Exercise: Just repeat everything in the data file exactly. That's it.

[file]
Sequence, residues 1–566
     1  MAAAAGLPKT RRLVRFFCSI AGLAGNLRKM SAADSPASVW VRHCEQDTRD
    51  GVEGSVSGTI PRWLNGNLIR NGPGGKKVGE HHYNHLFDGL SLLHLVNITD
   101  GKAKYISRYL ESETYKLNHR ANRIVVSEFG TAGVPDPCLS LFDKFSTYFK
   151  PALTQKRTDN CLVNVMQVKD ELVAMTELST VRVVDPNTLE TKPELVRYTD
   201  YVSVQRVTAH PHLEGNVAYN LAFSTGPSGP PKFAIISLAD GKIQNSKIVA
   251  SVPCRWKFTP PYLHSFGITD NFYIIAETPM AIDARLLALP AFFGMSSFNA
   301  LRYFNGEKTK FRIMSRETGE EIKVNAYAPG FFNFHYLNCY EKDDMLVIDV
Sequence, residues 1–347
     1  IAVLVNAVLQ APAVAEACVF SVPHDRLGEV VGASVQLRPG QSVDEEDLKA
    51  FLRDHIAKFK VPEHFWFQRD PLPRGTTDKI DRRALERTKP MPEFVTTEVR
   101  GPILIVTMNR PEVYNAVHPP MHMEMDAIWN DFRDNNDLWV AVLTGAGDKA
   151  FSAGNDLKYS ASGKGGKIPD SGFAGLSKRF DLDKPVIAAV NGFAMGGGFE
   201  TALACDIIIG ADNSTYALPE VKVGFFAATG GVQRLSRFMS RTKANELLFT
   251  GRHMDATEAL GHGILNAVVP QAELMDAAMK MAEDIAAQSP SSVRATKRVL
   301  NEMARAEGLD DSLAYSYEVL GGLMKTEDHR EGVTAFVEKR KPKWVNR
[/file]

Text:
Sequence, residues 1–566
     1  MAAAAGLPKT RRLVRFFCSI AGLAGNLRKM SAADSPASVW VRHCEQDTRD
    51  GVEGSVSGTI PRWLNGNLIR NGPGGKKVGE HHYNHLFDGL SLLHLVNITD
   101  GKAKYISRYL ESETYKLNHR ANRIVVSEFG TAGVPDPCLS LFDKFSTYFK
   151  PALTQKRTDN CLVNVMQVKD ELVAMTELST VRVVDPNTLE TKPELVRYTD
   201  YVSVQRVTAH PHLEGNVAYN LAFSTGPSGP PKFAIISLAD GKIQNSKIVA
   251  SVPCRWKFTP PYLHSFGITD NFYIIAETPM AIDARLLALP AFFGMSSFNA
   301  LRYFNGEKTK FRIMSRETGE EIKVNAYAPG FFNFHYLNCY EKDDMLVIDV
Sequence, residues 1–347
     1  IAVLVNAVLQ APAVAEACVF SVPHDRLGEV VGASVQLRPG QSVDEEDLKA
    51  FLRDHIAKFK VPEHFWFQRD PLPRGTTDKI DRRALERTKP MPEFVTTEVR
   101  GPILIVTMNR PEVYNAVHPP MHMEMDAIWN DFRDNNDLWV AVLTGAGDKA
   151  FSAGNDLKYS ASGKGGKIPD SGFAGLSKRF DLDKPVIAAV NGFAMGGGFE
   201  TALACDIIIG ADNSTYALPE VKVGFFAATG GVQRLSRFMS RTKANELLFT
   251  GRHMDATEAL GHGILNAVVP QAELMDAAMK MAEDIAAQSP SSVRATKRVL
   301  NEMARAEGLD DSLAYSYEVL GGLMKTEDHR EGVTAFVEKR KPKWVNR